Guangzhou in 5 senses

Smell: fermented chou4 dou4 fu (Stinky tofu) sizzling on the street corner. Like an intoxicating cross between blue cheese, roses and old socks. (Tastes like chicken… well, weird potent spicy chicken)

Feel: Precarious balance as I try to make my way down the edges of flooded alleys of Dong1pu3zhen4 after a rainstorm. Overflowing storm drains has left surfaces disturbingly greasy.

Taste: Buckwheat groats – nutty and wholesome. Pleasant surprise to find them in a bulk bin in a small supermarket here.


Sound: car horns. The “look-out-I’m-coming-through-this-narrow-street-where-people-walk-and-cycle” courtesy beep. Not so jarring as a Western hornblare, but many times more numerous, they are the commas of the city’s story.

Sight. Guang3zhou1 Train Station, on a regular Wednesday. Hundreds (thousands) of people heading out into Guang3dong1 and beyond, stretched over a massive square, and herded into chunks of dense humanity in places by metal security fences and narrow gates.


Guangzhou CBD. Gleaming glass and steel, pushed into novel and bizzare angles by modern architects.

IMG_20130519_164616 Untitled


Islam in Malaysia: my experience.

00000 - Putrajaya - PutraMosque

Putrajaya mosque, by xiquinhosilva (CC non-commercial)

Around 60% of the population of Malayisa are Muslim, and  Islam has a special relationship  with the state. It’s evident as soon as you come to Malayisa. There is an Islamic banking system, Malay children learn Arabic, pork and booze are not easy to find. Almost all Malay women cover their heads and necks. Muslim men can have up to four wives. Character’s relationships to Allah seemed to play a major role in the only Malay feature film I’ve been to.

Most prominent though, for me, is the adhan , the call to prayer, which echoes around villages and cities alike, 5 times a day*. I haven’t made a recording of my own, but this recording I found on youtube captures the everyday nature of the adhan here.

The call is the shahadah – the statement is that Allah(God) is good,  Allah is one and only one, and Muhammad is the messenger of Allah.  It is also a invitation to pray (including a suggestion that prayer is better than sleep, in the dawn version!).

This side of Islam speaks to me. The adherence to customs such as headscarf-wearing and halal (which, I discovered, extends to rules about avoiding wet dogs) makes a bit more sense in a context of overall obedience to what is recognised as the divine.

From what little I have picked up, prayer seems to be about humbling oneself before a greater power, physically, verbally and spiritually. It has this deep modesty in common with other of the five pillars of Islam – pilgrimage, giving to charity, fasting and the shahadah itself. Many of us, obsessing about what we can achieve on our own, could perhaps learn from this humility about our own powers and goals.

*The predominance of  domes in Islamic architecture, I am told, is due to their effectiveness as amplifiers for the voice, including the adhan. Nowadays, of course, it’s microphones and speakers.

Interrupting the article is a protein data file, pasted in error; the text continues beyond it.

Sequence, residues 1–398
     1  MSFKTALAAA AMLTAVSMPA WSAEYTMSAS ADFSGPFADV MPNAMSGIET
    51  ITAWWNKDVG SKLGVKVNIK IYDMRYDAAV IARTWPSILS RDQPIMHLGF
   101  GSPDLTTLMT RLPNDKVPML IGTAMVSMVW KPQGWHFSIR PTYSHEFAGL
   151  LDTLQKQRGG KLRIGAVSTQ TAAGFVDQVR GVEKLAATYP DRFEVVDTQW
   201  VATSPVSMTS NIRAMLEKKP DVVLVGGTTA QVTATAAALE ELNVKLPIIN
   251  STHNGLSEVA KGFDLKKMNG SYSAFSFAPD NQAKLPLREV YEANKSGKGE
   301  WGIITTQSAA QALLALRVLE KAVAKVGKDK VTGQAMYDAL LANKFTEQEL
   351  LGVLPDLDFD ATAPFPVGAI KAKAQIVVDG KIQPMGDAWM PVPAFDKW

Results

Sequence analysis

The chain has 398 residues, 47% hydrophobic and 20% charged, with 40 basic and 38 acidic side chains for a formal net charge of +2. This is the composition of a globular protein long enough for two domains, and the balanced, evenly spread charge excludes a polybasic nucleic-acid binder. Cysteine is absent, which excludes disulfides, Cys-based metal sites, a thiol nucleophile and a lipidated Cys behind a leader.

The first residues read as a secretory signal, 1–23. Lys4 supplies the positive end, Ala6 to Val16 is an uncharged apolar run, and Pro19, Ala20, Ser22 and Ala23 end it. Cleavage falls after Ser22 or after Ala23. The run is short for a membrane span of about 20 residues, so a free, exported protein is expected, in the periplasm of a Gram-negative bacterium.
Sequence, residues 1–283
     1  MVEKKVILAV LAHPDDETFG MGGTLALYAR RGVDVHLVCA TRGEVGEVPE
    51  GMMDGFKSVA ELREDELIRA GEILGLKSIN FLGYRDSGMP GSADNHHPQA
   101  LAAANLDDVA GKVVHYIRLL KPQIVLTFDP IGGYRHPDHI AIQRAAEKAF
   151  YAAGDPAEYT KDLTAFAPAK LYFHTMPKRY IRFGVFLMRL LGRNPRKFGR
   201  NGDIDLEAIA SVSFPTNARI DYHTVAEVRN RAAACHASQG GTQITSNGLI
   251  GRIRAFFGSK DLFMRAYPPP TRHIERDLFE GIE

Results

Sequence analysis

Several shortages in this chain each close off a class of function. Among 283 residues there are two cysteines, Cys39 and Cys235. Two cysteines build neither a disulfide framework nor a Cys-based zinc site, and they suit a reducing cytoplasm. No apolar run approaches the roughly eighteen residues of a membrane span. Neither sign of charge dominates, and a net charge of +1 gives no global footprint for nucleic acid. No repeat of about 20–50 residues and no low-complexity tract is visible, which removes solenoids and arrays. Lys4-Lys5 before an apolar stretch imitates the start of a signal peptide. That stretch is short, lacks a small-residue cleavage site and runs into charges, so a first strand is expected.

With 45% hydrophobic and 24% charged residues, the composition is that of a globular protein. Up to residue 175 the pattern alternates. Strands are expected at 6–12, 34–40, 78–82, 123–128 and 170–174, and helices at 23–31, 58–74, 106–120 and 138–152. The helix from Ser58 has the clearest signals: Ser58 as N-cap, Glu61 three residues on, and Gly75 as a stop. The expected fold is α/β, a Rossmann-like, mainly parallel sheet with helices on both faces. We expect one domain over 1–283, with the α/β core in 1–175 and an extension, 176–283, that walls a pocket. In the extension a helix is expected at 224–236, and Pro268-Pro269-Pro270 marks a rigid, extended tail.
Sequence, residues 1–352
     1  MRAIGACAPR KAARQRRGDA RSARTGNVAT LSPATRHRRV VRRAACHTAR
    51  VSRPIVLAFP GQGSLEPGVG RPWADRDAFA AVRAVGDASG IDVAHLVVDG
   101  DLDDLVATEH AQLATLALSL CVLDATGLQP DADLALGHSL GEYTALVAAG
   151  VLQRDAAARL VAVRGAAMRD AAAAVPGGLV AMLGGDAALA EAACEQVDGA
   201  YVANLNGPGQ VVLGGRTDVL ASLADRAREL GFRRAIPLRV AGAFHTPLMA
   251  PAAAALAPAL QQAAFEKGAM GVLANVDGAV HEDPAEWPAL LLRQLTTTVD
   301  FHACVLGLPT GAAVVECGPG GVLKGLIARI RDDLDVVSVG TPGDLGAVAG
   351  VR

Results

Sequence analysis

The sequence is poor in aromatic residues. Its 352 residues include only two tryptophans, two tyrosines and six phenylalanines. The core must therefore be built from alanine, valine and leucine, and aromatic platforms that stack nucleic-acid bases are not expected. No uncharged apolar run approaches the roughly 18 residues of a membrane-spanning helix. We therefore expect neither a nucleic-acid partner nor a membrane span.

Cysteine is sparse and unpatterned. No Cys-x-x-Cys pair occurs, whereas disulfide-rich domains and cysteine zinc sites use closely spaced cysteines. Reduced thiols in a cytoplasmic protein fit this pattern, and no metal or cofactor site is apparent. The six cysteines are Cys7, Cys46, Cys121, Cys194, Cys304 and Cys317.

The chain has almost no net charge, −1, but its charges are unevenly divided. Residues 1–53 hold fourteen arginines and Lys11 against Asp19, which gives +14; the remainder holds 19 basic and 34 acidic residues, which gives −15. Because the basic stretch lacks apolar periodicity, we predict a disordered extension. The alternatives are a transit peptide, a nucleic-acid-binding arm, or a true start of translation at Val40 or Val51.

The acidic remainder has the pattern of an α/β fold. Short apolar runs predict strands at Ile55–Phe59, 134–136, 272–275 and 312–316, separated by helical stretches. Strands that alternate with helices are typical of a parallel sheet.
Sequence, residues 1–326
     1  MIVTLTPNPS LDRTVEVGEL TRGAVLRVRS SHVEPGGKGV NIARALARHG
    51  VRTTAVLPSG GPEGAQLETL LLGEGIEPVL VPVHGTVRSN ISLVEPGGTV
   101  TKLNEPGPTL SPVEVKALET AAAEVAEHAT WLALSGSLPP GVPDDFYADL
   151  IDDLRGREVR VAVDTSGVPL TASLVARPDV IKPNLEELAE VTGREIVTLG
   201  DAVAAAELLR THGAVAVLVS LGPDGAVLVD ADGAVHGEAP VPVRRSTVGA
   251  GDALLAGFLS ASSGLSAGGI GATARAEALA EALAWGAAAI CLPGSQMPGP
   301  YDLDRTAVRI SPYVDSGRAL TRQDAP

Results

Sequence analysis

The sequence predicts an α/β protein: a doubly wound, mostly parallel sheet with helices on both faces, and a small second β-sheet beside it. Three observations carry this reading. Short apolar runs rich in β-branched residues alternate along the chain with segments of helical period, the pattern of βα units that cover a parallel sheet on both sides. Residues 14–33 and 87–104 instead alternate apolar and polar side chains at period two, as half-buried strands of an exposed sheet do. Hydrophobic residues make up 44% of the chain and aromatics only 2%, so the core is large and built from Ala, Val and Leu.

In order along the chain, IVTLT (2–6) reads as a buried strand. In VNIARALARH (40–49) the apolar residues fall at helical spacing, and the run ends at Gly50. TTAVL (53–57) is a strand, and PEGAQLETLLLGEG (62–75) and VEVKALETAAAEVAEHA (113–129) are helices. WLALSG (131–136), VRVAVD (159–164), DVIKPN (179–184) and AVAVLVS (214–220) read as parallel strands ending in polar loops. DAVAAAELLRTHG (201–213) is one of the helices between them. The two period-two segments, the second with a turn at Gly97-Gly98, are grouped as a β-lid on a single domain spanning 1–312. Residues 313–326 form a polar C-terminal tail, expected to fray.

Family stay: Similiarities

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Election flags in satellite town of KL

The kids laugh lots (and fight a little).

The women work in the kitchen while the men barbeque the meat over an open fire.

K always says he’s going to learn a musical instrument but never gets around to it.

Piggy in the middle, peaknuckle, tumbling with the toddler.

Every party’s slogan seems like a meaningless platitude.

Family stay: Differences

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Eat with your hands. K says “your fingers release enzymes that help with digestion, especially if you lick them”.  It also means it’s harder for me to burn my tongue by putting something too hot in my mouth.

When one shakes the hand of a respected elder one can (should?) also kiss it.

Electioneering continues on election day.

Bidet-type hoses and water buckets, not toilet paper.

Kampong Rice and salted fish for breakfast

Rooster in the suburbs.

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Under the Surface

I’ve just spent eight days at Pulau Tioman (Tioman Island) in the South China Sea. Inhabited only for the last 150 years or so, and 2hrs by ferry from the less developed East Coast of Malaysia, it has retained most of its jungle. It is also surrounded by coral. (Pity about the litter that punctuates the coral beaches and, less often, the reefs)

English: Tioman Island, Malaysia, by Andrew Lih

The power of time spent in or just near the wilderness to rejuvenate and re-energise me is often surprising and always welcome. I arrived feeling run-down, overwhelmed by being on the road again, and the amount of work to do to prepare my PhD application. I had been attacked by bedbugs in a cheap hotel on the mainland, and gnawed by worries of everything that could go wrong with this trip. Now I feel as relaxed as the turtle I saw today, paddling languidly and munching on coral!

I haven’t just been lying on the beach, I’ve been taking advantage of the cool of the mornings and evenings to work on finishing a paper for publication, and resting after lunch. I had worried that this would be a hard place to work. That hasn’t been a problem. I’ve been using the coral reefs just a few hundred metres from my room as a reward and escape, usually around sunset, and only on my final day here treated myself to a full day trip out to the quite spectacular Tulai Is.

What has been a little more difficult has been the loneliness – because I’ve been working quite hard, it’s hard to relate or even have time to meet the other travellers here, and to the locals I’m just a transient. That said, I have made some connections with the restaurant owners and shop hands I see everyday. B the restauranteur talked to me today of spot face morays (look out for that dangerous, strong-jawed eel), land-purchasing tactics (when you apply to buy a patch of jungle, “rich people wonder what is there and put in a bid too”) and the upcoming election. Still, connections in such a touristic place feel a little lopsided or unfulfilling. When I arrived I felt like I could stay forever. Now I’m ready to go and be in a town where people do more than serve tourists. I’ve already got some contacts, through, in Kuala Lumpur.